Thursday, February 16, 2006


When I walked down the isle on graduation day May 20th, 1968, I was certain my school days were over. I drove away and thoughts of that school faded from my mind like the image in my rearview mirror. I wanted to see what the world had to offer. I was proud and cocky, but I found out that opportunities were few for a kid who “thought” he knew it all. I managed to get a job with the Alabama Highway Department for the summer.
After graduation I lived at home with my parents. I decided that I wanted to go to college. My mother was delighted since no one else in my family had ever gone past high school. I enrolled at Jefferson State Junior College. In those days, Jefferson State had a bus…..and I didn't have a car so it was a natural choice.
I did well for the first few months until I learned just how much fun you could have at college. My grades soon fell like bird droppings on a freshly washed car.
Unfortunately for me was that my parents invented the NO PASS, NO PLAY rule long before they enforced it college athletics. I stayed in school, but I had to foot the bill. I quickly discovered that when you have to work your way through college, you don’t have as much time to party and you tend to do better than when going on someone else’s dime
After a stint in the Army and several job changes, I manage to graduate from Birmingham Southern College with a Master’s Degree in Business (1997) in a short twenty-nine years.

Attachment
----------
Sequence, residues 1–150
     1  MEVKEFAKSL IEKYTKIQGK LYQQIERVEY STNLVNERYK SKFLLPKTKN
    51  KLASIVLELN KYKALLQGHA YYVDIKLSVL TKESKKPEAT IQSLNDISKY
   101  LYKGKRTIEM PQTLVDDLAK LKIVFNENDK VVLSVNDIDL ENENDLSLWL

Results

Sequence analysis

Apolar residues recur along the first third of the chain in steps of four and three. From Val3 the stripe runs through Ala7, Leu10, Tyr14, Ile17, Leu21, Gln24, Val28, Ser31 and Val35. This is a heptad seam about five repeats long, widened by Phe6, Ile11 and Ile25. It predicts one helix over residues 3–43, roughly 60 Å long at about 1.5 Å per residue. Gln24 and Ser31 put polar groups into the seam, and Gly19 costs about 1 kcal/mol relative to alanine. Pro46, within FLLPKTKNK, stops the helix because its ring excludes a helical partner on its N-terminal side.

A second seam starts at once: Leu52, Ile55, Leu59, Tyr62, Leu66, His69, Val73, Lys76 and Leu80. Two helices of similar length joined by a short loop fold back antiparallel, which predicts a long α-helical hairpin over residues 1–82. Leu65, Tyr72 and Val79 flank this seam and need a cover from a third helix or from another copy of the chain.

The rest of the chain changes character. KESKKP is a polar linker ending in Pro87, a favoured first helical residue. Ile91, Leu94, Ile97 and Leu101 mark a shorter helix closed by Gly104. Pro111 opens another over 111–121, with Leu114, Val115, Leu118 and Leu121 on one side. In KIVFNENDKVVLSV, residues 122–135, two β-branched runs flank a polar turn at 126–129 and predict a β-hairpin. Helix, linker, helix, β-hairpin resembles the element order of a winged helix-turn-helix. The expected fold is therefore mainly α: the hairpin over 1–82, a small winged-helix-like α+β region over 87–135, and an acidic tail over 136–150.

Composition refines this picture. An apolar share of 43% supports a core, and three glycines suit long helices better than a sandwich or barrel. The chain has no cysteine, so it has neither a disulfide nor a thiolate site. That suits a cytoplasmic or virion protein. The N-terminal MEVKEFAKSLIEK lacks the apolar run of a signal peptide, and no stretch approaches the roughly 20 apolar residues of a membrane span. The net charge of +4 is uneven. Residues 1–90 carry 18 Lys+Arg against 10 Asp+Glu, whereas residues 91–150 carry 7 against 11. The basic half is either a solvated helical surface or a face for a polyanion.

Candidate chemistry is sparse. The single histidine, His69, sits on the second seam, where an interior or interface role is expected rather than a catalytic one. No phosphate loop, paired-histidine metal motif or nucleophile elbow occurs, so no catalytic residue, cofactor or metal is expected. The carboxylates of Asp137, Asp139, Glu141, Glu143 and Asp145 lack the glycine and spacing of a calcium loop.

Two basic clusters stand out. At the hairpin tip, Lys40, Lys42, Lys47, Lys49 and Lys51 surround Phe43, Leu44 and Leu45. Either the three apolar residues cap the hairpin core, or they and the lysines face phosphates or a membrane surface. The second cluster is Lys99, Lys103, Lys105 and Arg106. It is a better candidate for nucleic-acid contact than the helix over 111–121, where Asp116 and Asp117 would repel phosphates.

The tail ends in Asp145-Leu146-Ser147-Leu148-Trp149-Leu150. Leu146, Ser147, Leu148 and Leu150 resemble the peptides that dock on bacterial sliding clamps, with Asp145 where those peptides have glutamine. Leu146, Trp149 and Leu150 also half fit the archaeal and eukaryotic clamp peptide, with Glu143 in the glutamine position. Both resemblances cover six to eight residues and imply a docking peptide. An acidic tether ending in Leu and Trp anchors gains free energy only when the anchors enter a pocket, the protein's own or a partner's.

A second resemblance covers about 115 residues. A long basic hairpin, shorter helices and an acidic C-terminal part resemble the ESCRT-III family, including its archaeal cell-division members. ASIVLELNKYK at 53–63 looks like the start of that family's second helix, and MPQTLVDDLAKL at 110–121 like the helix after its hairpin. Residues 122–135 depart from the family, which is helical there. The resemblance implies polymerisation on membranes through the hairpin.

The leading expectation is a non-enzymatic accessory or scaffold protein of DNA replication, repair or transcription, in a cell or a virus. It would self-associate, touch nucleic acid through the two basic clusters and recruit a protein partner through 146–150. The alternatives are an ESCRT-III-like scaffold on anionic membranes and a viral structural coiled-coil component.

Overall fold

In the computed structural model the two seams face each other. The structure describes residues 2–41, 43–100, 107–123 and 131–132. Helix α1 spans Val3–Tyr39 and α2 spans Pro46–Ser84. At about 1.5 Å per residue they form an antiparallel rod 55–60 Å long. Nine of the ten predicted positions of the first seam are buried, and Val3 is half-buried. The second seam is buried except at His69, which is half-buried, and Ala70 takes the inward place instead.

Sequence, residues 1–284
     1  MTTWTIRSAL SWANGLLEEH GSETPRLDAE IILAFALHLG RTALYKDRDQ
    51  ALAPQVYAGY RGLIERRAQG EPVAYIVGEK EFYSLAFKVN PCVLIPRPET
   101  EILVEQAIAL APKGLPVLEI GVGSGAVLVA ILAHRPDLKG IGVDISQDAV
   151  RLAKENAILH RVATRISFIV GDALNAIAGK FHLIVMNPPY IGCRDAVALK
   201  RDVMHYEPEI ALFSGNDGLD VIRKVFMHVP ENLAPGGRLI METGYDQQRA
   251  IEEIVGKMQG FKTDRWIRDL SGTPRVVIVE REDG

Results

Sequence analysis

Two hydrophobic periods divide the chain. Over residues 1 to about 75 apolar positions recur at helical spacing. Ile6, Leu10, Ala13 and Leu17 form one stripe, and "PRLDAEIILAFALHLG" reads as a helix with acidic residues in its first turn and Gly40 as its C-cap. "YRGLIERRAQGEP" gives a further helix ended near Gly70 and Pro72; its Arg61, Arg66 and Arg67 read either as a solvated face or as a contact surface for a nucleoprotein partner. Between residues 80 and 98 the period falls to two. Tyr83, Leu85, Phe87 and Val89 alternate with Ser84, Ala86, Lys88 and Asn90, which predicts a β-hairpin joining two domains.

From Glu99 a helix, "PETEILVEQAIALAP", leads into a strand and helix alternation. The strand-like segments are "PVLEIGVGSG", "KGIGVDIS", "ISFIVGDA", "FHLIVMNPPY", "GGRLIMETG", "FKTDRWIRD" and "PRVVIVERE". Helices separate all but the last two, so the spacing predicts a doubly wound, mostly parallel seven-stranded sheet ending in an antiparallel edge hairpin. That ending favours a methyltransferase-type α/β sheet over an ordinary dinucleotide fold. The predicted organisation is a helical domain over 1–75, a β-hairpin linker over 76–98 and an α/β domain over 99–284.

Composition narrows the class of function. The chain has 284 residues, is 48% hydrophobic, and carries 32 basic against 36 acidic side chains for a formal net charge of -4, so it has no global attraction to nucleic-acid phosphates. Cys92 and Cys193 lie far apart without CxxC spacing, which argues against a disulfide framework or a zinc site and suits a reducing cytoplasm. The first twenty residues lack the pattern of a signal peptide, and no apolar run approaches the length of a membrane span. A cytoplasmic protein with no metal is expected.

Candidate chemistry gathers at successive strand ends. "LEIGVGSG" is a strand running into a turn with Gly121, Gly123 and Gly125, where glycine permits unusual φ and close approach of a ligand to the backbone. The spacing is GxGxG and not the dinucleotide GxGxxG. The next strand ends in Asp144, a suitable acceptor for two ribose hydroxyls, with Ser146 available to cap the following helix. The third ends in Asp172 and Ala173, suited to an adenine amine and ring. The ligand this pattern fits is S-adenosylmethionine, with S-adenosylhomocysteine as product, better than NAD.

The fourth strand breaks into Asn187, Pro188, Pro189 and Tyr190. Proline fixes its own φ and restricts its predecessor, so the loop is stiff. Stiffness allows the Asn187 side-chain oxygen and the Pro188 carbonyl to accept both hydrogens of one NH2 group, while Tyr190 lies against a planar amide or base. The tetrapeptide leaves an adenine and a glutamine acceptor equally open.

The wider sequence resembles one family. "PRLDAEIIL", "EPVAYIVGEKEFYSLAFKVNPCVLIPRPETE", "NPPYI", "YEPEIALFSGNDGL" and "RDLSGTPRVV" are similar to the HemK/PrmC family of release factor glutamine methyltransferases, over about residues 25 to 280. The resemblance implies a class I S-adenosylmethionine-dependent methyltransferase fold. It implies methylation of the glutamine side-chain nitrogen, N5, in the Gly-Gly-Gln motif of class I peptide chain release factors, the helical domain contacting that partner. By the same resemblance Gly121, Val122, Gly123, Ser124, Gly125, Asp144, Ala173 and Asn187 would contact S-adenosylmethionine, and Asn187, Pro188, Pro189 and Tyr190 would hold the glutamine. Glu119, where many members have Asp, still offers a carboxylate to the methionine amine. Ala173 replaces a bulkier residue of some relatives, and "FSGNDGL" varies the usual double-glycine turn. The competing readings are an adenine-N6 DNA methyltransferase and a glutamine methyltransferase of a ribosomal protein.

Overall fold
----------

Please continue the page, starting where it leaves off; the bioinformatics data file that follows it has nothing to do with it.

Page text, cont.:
Since then, I have come to realize that college looks good on a resume, but most of my “real” learning came from making mistakes…..being bit on the butt
I now realize that an education does not make you “smart” and the lack of one does not make you “dumb”. I’ve found that you can learn a lot more by listening than by talking. I also discovered that no matter how hard you try, others will not love you until you love yourself.
I also learned that everyone is good at something. I went to elementary school with a young boy that was “slow” (the teacher’s words, not mine). He struggled with reading, writing, and math. He was different and he was the object of a lot of cruelty from schoolmates. But he was great with his pocketknife. At the age of ten years old, he could carve animals, fish, and birds from small pieces of wood. He could also draw pictures with his pencil that looked like black and white photographs. He never finished grammar school, but he was one of the kindest most talented people I ever knew.
I talked to him several years ago and he never “went far”, but he lives in a house that he built himself and he's debt free. He has a wife and kids who love him. He's happy.
I've invested a good portion of my life to school and I don't regret it. It's the path I chose but I have come to realize that the more I learn the more I realize I don't know squat.
The best education any one could hope for is to learn to be happy with yourself.

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